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Change Agent

PHOTOGRAPHY BY CHRISTOPHER SHERMAN & MARK SOMMERFELD
EDITOR: ELIZABETH CABRAL
WORDS BY BRITTANY ADAMS & ELIZABETH CABRAL

“I was never told that I would be invited into this club,” says Paloma Elsesser, who isn’t your typical model. The club she refers to is the fashion and beauty industry. But with her incomparable beauty and resplendent curves, Elsesser has indeed been welcomed with open arms. She has been embraced not only for her surface beauty, but for her intellect – that which is well beyond her twenty-five years – and her social consciousness as an outspoken and active participant of change.

The story of how she was discovered on Instagram by legendary makeup artist Pat McGrath is well known by now, with Elsesser having been profiled by every major style outlet and appearing in campaigns for notable brands from Nike to Proenza Schouler. We were fortunate enough to have had a heart-to-heart with the L.A. native-turned New Yorker, whose warm and enlightened spirit inspired deep conversations about the world and time we live in.

Below, Elsesser opens up about plus size stereotypes, the blessing and curse that is social media, and being the most genuine version of yourself.

SHIRt,  BALENCIAGA. COAT & SKIRT, SIMONE ROCHA.

TIMING LENT ITS HAND TO MY SUCCESS

“I don’t think it was completely random. I sought it out, but feel like I also surrendered to it. I was always interested in fashion and modeling, but I still felt like, “how can I make sense in this world?” Even in a curve context, I don’t have an archetypal plus-size body. I don’t have a flat stomach and thin arms and a bubble butt. But jobs kept coming to me because people were interested in other parts of me–what I had to say or my energy or the way I dressed.”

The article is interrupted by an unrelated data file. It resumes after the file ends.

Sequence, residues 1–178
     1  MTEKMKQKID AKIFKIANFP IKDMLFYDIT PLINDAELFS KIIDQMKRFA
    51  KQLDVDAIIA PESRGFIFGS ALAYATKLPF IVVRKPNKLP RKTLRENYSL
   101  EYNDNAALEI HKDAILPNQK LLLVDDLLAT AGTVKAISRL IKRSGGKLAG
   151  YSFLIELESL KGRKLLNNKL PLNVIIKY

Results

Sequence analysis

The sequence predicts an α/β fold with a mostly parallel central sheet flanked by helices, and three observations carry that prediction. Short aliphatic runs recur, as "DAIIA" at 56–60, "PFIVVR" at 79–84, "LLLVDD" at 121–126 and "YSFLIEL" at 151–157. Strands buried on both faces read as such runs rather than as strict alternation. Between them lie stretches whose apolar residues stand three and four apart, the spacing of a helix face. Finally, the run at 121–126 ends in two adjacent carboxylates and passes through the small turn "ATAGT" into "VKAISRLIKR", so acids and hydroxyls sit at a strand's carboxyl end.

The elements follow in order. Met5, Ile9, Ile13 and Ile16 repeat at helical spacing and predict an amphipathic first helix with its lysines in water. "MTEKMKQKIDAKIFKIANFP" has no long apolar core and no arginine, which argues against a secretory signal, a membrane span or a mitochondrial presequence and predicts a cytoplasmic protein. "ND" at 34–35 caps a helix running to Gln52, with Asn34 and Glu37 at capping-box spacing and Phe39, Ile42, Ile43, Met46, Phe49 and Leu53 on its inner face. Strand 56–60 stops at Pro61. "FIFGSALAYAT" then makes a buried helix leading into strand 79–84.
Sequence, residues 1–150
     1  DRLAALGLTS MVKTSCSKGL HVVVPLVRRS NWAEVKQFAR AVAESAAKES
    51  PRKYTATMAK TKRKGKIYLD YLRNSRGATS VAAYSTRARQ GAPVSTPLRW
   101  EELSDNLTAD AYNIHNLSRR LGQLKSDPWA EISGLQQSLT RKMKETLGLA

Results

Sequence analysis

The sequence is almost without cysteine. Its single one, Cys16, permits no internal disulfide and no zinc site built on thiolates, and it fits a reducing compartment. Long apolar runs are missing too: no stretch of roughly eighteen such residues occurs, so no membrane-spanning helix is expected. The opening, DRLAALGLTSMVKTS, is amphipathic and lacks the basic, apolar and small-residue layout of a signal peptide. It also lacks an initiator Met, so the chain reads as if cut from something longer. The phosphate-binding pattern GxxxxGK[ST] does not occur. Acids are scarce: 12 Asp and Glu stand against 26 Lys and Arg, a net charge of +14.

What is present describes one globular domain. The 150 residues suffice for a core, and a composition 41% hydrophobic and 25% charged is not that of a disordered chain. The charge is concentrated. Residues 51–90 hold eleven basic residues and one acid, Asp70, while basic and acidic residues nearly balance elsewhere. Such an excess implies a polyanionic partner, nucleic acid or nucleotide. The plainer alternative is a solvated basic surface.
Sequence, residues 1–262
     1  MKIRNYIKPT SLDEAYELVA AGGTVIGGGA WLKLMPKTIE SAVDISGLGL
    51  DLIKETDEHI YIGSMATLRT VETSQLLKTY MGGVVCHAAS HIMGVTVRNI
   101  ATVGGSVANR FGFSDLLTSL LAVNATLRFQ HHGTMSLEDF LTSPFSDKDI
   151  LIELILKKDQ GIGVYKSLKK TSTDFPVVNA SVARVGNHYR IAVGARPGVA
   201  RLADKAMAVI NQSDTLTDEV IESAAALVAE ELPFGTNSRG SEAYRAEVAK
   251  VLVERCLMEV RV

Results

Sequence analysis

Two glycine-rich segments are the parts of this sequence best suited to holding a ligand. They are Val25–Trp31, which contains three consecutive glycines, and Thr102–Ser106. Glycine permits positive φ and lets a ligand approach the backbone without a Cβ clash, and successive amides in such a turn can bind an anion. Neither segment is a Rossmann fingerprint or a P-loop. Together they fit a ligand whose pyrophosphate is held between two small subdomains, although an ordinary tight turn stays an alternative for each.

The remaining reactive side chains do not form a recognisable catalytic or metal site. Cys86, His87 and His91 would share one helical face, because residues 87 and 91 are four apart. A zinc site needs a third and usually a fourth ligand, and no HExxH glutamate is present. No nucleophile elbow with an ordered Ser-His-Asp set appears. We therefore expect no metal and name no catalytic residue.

Paloma

EARRINGS, AGMES. ORGANIC COTTON SHIR, MUJI.

SHATTERING STEREOTYPES

“I would love to partner with a plus-size brand that really gets it and wants to speak to girls like me. It’s not about spandex dresses. I do think I’m sexy but not in an overt way that I have to prove it to you. I think it’s like very honest to how a lot of girls were and are. I went through a time when I over sexualized myself because that’s what I thought I was supposed to be doing. And then I know that what actually made me feel comfortable was wearing baggy pants and a big t-shirt and sneakers and being that person. I find Phoebe Philo more sexy than Donatella Versace, but people are still startled by my style. It’s so ‘Oh my god’ to see this fat brown girl being graceful or chic, wearing Yohji [Yammamoto] or J.W. [Anderson].’

I’m lucky because there are girls who want to dress like me but they’re a size 20. They can’t even wiggle into designer stuff, and that’s real, so I want them to feel like they can participate, too. Things are changing but there needs to be more urgency in the plus-size industry. If we’re already being objectified and judged by how we look, at least give us something to wear.”

PLATFORM WITH A PURPOSE